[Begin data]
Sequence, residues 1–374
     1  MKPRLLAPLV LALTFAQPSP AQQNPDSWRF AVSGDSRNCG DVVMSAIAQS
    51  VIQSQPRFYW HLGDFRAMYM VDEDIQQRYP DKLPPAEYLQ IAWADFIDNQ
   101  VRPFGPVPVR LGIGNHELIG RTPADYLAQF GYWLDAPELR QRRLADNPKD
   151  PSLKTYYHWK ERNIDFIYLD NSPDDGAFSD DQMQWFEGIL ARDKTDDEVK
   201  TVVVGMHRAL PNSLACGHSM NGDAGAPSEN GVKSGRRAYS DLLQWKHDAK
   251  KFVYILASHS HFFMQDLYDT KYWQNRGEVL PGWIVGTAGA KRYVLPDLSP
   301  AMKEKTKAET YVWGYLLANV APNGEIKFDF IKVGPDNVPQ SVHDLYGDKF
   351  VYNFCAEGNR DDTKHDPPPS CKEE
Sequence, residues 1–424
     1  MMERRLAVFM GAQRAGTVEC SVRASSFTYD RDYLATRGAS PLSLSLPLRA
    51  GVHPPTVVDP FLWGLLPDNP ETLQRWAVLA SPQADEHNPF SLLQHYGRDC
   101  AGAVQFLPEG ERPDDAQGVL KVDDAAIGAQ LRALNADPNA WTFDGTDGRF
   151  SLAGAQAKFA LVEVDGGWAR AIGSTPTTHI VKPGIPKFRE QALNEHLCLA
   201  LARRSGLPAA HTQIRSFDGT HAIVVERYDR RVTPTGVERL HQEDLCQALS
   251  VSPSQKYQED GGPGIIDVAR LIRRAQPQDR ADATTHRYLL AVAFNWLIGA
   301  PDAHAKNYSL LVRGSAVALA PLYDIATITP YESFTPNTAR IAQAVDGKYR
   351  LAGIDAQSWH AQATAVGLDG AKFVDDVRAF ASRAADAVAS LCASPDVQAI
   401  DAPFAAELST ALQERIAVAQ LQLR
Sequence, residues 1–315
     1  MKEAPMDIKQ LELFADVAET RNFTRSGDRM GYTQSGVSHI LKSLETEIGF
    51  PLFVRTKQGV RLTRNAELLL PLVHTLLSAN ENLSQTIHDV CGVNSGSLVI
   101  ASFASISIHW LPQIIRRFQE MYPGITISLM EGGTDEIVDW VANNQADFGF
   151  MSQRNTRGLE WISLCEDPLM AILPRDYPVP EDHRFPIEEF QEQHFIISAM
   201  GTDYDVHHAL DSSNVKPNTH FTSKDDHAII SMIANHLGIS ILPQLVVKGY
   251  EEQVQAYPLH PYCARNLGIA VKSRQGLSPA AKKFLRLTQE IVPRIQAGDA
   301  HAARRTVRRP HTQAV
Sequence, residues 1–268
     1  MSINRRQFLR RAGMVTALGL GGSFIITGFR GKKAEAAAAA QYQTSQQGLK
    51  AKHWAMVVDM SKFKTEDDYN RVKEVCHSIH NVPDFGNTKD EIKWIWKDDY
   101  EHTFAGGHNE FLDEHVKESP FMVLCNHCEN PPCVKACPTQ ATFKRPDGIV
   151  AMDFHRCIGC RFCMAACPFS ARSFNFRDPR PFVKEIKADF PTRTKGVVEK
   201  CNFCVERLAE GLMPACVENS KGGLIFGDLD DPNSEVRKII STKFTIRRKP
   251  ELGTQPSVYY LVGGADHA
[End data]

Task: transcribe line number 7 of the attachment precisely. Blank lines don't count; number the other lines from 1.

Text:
   251  KFVYILASHS HFFMQDLYDT KYWQNRGEVL PGWIVGTAGA KRYVLPDLSP